Peter Sivey writes: If you are admitted to a hospital on the weekend, you have a higher chance of dying than if you are admitted during the week. This is known as the “weekend effect”. Evidence from the United Kingdom suggests an 11-16% increased risk of death for patients […]
admitted on weekends, mostly driven by emergency admissions. This effect has also been found in the United States and Australia, among Queenslanders admitted for heart attacks.
But while seven-day rosters for doctors and nurses have been touted as a solution to this problem in the UK, the evidence suggests it’s a little more complicated.
What causes the weekend effect?
Generally, there are fewer routine elective procedures and outpatient appointments scheduled on weekends. This means there are fewer nurses and doctors available for emergency care.
During the week, for example, heart surgeons working on elective procedures in hospitals can easily be called away to treat patients admitted through the emergency department. These surgeons may be less readily available at weekends when there are no elective surgeries or outpatient appointments. And there may be longer delays for them to be called in to the hospital for emergency cases.
There is some evidence from the US to support this explanation. Researchers found that a weekend effect for patients presenting with a heart attack (acute myocardial infarction) disappears when they control for the use of invasive treatments such as cardiac catheterization or coronary artery bypass graft (heart bypass).
This suggests that a lower “treatment intensity” for patients presenting at the weekend explains their higher chance of death.
What policies could address this problem?
Policies to address the imbalance of service and workforce availability between weekdays and the weekends should help to alleviate the weekend effect.
The most comprehensive solution would be to introduce seven-day availability of all types of hospital services, scheduling elective procedures and outpatient appointments on weekends as well as weekdays. This would essentially mean having no difference in the type of care offered on different days of the week.
Health bureaucrats looking to address the imbalance between weekend and weekday service availability may try to redistribute the existing workforce supply to be evenly spread throughout the week.
This redistribution of services and workforce should reduce the death rate for weekend admissions. But it would come at the cost of potentially increasing the death rate (and other adverse outcomes) on weekdays where there would be a reduction in services.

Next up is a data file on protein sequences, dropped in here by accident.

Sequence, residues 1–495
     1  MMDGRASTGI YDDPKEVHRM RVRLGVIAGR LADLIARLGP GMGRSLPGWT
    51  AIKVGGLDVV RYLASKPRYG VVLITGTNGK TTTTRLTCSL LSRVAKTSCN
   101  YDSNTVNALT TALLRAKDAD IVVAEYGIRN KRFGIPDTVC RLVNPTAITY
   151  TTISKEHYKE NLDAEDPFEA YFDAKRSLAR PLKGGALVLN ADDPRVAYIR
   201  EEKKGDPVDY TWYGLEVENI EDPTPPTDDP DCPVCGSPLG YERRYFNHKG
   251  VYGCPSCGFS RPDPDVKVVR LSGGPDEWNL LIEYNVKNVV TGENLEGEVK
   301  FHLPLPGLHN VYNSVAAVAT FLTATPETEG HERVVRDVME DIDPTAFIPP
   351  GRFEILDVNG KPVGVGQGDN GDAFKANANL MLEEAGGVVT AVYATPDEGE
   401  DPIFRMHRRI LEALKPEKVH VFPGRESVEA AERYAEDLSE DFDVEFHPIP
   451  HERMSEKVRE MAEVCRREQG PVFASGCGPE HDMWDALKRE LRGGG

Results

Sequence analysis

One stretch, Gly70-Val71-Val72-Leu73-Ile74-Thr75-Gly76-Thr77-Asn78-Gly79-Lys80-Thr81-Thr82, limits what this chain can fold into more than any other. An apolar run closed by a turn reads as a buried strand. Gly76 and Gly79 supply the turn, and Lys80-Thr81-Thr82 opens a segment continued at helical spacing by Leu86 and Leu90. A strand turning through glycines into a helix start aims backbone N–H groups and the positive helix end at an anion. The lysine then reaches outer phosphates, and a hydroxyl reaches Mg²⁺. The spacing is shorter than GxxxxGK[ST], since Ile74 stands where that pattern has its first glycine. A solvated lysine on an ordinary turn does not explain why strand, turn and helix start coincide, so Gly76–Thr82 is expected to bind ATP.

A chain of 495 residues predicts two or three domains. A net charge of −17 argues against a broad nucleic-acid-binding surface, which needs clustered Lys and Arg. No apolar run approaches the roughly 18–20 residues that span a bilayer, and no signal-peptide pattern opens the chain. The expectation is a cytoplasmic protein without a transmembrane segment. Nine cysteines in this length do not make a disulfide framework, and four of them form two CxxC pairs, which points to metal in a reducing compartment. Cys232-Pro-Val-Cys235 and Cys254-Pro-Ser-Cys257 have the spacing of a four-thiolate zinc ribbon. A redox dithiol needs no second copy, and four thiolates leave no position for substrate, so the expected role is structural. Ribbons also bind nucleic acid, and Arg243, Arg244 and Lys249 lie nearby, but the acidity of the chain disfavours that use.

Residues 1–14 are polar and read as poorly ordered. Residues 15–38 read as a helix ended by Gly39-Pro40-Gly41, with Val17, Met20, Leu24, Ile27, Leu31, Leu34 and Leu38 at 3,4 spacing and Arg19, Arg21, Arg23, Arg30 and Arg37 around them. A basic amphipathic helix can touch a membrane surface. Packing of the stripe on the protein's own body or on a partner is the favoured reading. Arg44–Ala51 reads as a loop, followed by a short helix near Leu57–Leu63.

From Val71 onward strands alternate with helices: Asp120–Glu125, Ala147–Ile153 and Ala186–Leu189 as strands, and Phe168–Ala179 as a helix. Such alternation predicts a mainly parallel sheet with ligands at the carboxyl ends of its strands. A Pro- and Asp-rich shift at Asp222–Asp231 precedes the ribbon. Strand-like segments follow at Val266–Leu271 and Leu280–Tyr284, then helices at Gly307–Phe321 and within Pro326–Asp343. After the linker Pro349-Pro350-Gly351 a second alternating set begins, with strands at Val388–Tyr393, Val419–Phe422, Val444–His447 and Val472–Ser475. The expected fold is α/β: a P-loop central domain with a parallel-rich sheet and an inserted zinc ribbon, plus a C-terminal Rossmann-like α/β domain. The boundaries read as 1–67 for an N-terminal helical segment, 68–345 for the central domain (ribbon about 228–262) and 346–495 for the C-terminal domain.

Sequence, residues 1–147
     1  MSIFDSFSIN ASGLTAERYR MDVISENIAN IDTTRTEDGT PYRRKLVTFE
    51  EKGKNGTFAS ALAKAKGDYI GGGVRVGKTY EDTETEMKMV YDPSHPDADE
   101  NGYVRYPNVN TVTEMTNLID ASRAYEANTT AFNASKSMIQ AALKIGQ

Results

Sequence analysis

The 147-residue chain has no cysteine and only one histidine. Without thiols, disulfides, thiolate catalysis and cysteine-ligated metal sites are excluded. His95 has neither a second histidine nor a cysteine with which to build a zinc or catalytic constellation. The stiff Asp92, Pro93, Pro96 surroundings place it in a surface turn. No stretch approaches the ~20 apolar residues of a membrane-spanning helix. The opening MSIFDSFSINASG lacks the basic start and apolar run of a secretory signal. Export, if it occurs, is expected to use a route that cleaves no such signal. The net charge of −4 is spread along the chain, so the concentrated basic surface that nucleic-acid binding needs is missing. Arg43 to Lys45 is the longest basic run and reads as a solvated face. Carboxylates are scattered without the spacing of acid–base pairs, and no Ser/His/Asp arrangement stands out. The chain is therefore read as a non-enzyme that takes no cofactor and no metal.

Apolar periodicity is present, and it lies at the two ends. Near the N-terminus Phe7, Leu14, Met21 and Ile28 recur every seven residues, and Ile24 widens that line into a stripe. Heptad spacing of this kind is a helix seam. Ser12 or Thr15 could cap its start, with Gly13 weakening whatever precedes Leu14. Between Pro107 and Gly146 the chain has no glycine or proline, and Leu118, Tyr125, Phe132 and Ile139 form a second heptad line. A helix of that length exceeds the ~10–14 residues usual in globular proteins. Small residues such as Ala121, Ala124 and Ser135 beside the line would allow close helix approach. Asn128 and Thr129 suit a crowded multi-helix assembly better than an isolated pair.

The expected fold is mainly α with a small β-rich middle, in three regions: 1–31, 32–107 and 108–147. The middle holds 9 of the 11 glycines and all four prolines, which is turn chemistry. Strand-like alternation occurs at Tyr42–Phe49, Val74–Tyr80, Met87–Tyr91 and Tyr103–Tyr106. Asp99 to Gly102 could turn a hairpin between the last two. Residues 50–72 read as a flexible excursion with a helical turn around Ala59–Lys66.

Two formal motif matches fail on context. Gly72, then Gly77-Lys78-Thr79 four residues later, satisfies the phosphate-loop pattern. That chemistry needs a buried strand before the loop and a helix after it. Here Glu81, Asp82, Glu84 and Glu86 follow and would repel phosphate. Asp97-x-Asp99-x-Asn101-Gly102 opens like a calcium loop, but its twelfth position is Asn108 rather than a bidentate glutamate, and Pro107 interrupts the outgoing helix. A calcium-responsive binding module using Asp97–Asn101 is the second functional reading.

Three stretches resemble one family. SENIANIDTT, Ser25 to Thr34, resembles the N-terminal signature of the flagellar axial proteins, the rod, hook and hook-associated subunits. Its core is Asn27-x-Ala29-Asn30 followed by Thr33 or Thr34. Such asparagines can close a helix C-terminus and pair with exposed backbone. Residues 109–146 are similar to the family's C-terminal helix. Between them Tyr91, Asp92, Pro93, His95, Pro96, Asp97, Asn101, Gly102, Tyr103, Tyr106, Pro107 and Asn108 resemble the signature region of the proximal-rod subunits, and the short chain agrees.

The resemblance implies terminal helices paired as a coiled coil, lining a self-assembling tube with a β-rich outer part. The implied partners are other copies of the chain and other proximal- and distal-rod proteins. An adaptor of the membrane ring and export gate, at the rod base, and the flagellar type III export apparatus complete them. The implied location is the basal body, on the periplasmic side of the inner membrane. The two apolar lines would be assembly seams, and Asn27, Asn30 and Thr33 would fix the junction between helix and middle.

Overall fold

Such a redistribution would also involve an increase in financial cost, as higher levels of pay are likely to be necessary to encourage doctors and nurses to work more of their hours at weekends. One of our recent studies suggests that junior doctors in Australia would expect a 25-50% increase in salary to sacrifice control over their working hours and/or be available for more frequent on-call time.
A similar study finds a premium of 10-15% of salary is needed to encourage nurses to work at weekends as well as on weekdays.
An important paper has recently tried to quantify the costs and benefits of introducing seven-day services in the UK. It calculates the potential “lives saved” by eliminating the weekend effect and uses cost estimates produced by hospitals which have been trialling seven-day services.
The authors are able to quantify “cost-effectiveness” by comparing the cost per year of life saved (implied by their analysis) with the National Institute for Clinical Excellence’s “cost-effectiveness threshold” for life-years saved. This is generally thought to be around £20,000 per life year.
The authors find that introducing seven-day services does not come close to cost-effectiveness. The cost of avoiding excess deaths from weekend admissions is too high relative to other effective interventions the NHS could spend its money on.
At the heart of this debate is a trade-off between equity and efficiency. It is more “efficient” to have less service availability at weekends and more on weekdays, because of the increased costs associated with employing doctors and nurses at weekends. But we have to decide if we are willing to accept the resulting inequity: that patients admitted on weekends may have a poorer access to care and a resulting increase in mortality.
Should Australia move to seven-day services?
The debate over seven-day services in the UK is highly politicised, and influenced by the current government’s agenda to make the NHS more patient-focused.
We have a different health-care system and political climate in Australia and are yet to have this debate. With a much larger private sector and public hospitals run by state governments, there is not a single national focus for policy debate about public hospital services.
Nevertheless, the current evidence from abroad suggests that forcing hospitals to provide all services equally distributed through the week is not the answer.
While the weekend effect on mortality may seem large in relative terms (10-16%), it is tempered by the low mortality rate in absolute terms. The 10% relative increase of death in the UK data translates to only 0.4 percentage points (3.7% on weekdays vs 4.1% on weekends for emergency admissions).
Further, the cost-effectiveness study from the UK highlights the potentially high costs of seven day services in relation to any health benefits. Further research is needed, especially on the cost side and in understanding the drivers of the weekend effect in different clinical areas of patient care.